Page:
I prefer this because it has good source control integration with SubVersion. It's also multi-platform so I use it on both Windows and Linux/Unix. Eclipse is a good platform because it can be my IDE for other languages (Java, PHP etc) as well as perform tasks like Database Design, XML Modelling etc.
I also find nothing wrong with Visual Studio, except that it won't run on Linux. I use it for C# and ASPX development.
TBH. I'd like to see Dev-C++ re-written in C++ using something like wxWidgets and made multi-platform. Then it'd be an all-round good IDE for new C++ developers. As it stands, the code-base isn't being maintained AFAIK.
Delphi 5 IDE. WordStar command set. Syntax highlighting for Pascal, C, C++, and a few others (not Tcl though, alas). Pure ASCII --no dinking with Unicode stuff to write a simple compiler script. Fast.
Of course, there are some things it doesn't do that I wish it would (and some things it does that I wish it didn't). But since I can't live very long without Borland/WordStar 3, I just stick with it.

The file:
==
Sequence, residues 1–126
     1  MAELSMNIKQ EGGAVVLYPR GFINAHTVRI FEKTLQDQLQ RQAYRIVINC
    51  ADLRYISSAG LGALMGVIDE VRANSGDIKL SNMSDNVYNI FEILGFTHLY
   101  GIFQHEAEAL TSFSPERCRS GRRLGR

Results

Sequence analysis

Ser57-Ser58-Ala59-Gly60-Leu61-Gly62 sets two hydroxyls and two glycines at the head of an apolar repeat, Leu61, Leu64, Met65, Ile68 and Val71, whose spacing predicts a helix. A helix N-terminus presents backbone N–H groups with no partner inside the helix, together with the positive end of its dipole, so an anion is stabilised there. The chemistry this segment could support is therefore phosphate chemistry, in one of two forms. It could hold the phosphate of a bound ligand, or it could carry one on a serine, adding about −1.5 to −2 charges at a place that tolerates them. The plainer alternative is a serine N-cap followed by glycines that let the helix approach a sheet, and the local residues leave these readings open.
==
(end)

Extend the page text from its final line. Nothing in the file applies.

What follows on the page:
(That is, until I decide to finish my own text editor. Perhaps I'll work on that today...)
Vim is OK. I tend to use it in *nix for quick editing. Otherwise I'll use NEdit or Kate or somesuch. I can't stand emacs, but that's because the emacs command set is antithetical to the WordStar command set. (First time I ever used it I think I nearly wiped the hard drive trying to figure out how to escape. Fortunately a simple reboot --and nowdays the nice X version-- help.) I also can't stand editors like "joe" that claim more than they provide (none of ^KQ/^KD/^KX let you escape it either). Well, I suppose that's enough ranting here.
I tend to like my command shell, so really fancy IDE's don't turn me on. A small, fast, easy-to-use editor is what I like best.